Exposing to the right does help. Unfortunately it's not always an option in low light/high contrast conditions (eg. concert photography). My K10D produces a particularily annoying banding pattern near the left border of the frame, with 5 or 6 thin and evenly spaced stripes looking like a barcode. That one stands out quite clearly on a nice out-of-focus background, even with minimal exposure adjustments.

QuoteOriginally posted by jeffkrol Quote
Guess I'll have to buy a Canon 5d for my 5s, lens cap on, dark room photos.
(Light, and expected, humor, sort of)
Aha, yes Of course this test is quite extreme. But I chose it because it is easily reproducible and because it exhibits the same banding pattern as you can see in real-world images.

QuoteOriginally posted by Jodokast96 Quote
Are you running the 1.00 firmware? 1.01 offered up a fix for that. It didn't totally eliminate it in my case, but it is better.
Oh yes, I should have been more precise. I'm running the 1.30 firmware.

All in all, some good things have emerged from this erm... little peculiarity of the K10D sensor. Cropping the bad parts on the left has made me discover the square format, and I like B&W even more because it makes it easier to hide the banding

Last edited by Daeman; 01-04-2008 at 03:49 AM.
01-04-2008, 06:52 AM   #10
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QuoteOriginally posted by jeffkrol Quote
Guess I'll have to buy a Canon 5d for my 5s, lens cap on, dark room photos.
(Light, and expected, humor, sort of)

LOL! Have to clean off my monitor. Thanks!
01-04-2008, 07:04 AM   #11
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QuoteOriginally posted by jeffkrol Quote
Guess I'll have to buy a Canon 5d for my 5s, lens cap on, dark room photos.
(Light, and expected, humor, sort of)
I thought it important to post a real-world scenario of why this Sony sensor (or the Pentax implementation of it) is total rubbish. That is why I posted the last picture in my reply.

So, I didn't think your sort-of joke was funny.


I've been considering dumping Pentax for a better system, and I was thinking about keeping the *ist D with a couple lenses and selling the K10. Now I've confirmed why that would be a good choice. I sure hope the next generation of sensors are better than the last.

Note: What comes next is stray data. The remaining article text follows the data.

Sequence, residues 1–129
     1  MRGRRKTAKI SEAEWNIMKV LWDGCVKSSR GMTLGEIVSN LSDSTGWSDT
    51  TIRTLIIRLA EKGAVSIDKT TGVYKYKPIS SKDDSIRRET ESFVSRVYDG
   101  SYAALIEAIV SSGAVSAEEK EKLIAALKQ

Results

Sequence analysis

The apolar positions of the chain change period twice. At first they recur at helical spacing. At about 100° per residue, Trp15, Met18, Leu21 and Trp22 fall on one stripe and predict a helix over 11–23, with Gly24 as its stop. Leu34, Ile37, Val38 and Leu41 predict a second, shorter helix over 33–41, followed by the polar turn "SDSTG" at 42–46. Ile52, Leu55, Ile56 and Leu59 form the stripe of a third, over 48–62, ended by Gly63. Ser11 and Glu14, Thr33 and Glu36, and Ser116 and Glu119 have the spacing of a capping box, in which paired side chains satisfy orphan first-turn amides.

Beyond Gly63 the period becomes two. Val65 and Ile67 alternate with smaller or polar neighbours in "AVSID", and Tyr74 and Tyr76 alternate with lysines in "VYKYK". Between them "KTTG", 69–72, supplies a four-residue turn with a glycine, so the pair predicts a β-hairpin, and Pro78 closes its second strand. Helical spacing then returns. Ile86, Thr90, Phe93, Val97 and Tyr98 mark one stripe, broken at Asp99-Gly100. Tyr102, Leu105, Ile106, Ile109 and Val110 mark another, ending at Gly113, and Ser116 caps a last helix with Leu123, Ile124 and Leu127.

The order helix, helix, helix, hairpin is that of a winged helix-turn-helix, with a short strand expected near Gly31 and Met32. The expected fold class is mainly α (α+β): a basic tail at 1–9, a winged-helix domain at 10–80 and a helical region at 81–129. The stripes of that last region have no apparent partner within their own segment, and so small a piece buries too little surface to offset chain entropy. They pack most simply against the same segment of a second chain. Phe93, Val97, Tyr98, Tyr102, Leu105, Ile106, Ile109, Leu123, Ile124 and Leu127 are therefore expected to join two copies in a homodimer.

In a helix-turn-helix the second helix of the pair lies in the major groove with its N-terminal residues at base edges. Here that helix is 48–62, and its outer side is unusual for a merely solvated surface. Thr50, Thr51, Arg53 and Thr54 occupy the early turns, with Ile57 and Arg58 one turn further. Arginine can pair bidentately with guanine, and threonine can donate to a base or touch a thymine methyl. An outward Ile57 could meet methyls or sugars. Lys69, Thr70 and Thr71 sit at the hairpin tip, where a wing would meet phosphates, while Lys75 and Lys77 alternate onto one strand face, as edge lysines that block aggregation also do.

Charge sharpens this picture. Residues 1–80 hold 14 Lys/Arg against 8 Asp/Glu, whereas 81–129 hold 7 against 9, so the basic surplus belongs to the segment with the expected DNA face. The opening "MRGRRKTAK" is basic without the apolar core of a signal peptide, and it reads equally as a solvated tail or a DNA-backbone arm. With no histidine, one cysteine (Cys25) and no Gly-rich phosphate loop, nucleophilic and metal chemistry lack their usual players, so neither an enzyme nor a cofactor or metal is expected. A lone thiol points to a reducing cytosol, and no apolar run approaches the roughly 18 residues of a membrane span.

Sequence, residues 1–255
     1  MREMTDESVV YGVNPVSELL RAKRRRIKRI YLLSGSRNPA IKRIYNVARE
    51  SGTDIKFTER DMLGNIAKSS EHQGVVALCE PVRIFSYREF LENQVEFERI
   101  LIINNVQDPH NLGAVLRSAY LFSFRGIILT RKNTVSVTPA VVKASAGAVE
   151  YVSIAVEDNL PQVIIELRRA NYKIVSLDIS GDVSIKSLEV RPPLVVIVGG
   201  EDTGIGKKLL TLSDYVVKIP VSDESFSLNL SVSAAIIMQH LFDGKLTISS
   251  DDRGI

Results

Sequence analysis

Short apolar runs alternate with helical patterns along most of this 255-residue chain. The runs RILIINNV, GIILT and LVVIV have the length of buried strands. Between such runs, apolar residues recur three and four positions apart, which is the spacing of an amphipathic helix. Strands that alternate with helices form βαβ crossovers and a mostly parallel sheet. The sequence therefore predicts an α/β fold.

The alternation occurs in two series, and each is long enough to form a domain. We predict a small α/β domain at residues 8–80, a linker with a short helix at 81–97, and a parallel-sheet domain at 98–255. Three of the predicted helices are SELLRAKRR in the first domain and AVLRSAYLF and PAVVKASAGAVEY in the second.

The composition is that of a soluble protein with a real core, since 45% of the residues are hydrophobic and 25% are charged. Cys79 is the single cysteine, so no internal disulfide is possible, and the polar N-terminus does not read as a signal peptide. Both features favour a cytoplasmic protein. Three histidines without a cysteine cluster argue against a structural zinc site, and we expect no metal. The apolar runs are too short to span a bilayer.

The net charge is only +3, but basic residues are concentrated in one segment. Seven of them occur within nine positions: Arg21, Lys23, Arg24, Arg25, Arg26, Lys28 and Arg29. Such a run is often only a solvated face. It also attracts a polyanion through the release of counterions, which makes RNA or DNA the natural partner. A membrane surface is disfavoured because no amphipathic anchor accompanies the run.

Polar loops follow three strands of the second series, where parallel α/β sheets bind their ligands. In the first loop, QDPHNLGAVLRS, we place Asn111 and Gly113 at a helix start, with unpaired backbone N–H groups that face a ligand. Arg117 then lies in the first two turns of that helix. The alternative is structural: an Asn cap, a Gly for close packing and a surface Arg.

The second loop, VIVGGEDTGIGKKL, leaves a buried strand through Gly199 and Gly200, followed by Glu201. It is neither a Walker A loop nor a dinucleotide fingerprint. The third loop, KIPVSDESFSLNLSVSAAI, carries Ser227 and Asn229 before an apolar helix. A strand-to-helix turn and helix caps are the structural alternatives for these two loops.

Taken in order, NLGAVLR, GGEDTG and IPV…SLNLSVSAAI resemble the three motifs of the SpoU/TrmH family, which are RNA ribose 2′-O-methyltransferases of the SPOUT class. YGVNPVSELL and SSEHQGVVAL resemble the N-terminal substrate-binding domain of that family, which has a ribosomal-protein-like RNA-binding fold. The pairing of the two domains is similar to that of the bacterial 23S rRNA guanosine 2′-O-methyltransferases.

01-04-2008, 07:39 AM   #12
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QuoteOriginally posted by carpents Quote
I thought it important to post a real-world scenario of why this Sony sensor (or the Pentax implementation of it) is total rubbish. That is why I posted the last picture in my reply.

So, I didn't think your sort-of joke was funny.


I've been considering dumping Pentax for a better system, and I was thinking about keeping the *ist D with a couple lenses and selling the K10. Now I've confirmed why that would be a good choice. I sure hope the next generation of sensors are better than the last.
Sorry to see you didn't like my bit of injected humor into this gloomy (and discussed since day 1 release of the K10) thread. I didn't buy the k10 because of what had popped up re: high iso, underexposed images and VPN AND the color banding. Contrary to fanboy reactions it was a problem for those needing high iso and has not changed in the past 16 months...and I believe you are aware of this. High ISO costs you DR in the best of conditions so always best to avoid it IF you can.
As a side note: My D was extremely clean at high iso's UNTIL I sent it in for repairs and they swapped out the sensor. New one exhibits HPN to a much larger degree than the old.
Let's see how Pentax does w/ the CMOS. I'm not betting on the k200 BUT from the Gordonbgood posts the VPN can be minimised and I assume the color motteling will as well.
01-04-2008, 07:47 AM   #13
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QuoteOriginally posted by jeffkrol Quote
Sorry to see you didn't like my bit of injected humor into this gloomy (and discussed since day 1 release of the K10) thread. I didn't buy the k10 because of what had popped up re: high iso, underexposed images and VPN AND the color banding. Contrary to fanboy reactions it was a problem for those needing high iso and has not changed in the past 16 months...and I believe you are aware of this.
This is the first I have seen talk about this disgusting green-magenta color though. That's what I'm royally pissed off about. I gave up on a GordonBGood-type solution for VPN about 10 months ago. Gordon obviously knows more about camera sensors than all of Pentax put together. That's why I'm not sure who is to blame here - Sony for the sensor, or Pentax for the dismal implementation of it, or both.
01-04-2008, 11:19 PM   #14
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QuoteOriginally posted by carpents Quote
Fascinating. And depressing.

I did your test, with both my K10 (a very early model, ca. November 2006) and my *ist D (a very late model, purchased new in 2007).

The K10D @ ISO1600, 5s:
...

The *ist D @ ISO1600 5s:
...

What the HELL is that green-to-magenta shift in the K10 image?!? As if the vertical banding wasn't bad enough (it is) this green/magenta coloring has ruined pictures of mine in the past. How sad - I thought it was either flare or something with the lens, but in reality it was just another let-down by this piece of crap sensor in the K10.

This is an image from a wedding I shot, where I was dismayed by the green bottom and magenta top. I was forced to convert to black and white, but lost much of the richness of the ambient light and colors. Sad.
...
These two posts made me do the same test. I don't often take the K10 beyond 800 (which is a problem, since I'd take my DS up to 3200 regularly).

I need to test the DS, but here's the K10 shot - same green/orange/magenta shift.
ISO 1600 5s (SuperTak 35/f2, set at ??) (+4EV)


and at ISO 400 - 1/6s (+4EV)


I've had a number of low light shots at high ISO that I've had to change to BW for usability. Nothing like Sean's example, but still, not what I'd hope for, even for family and friends.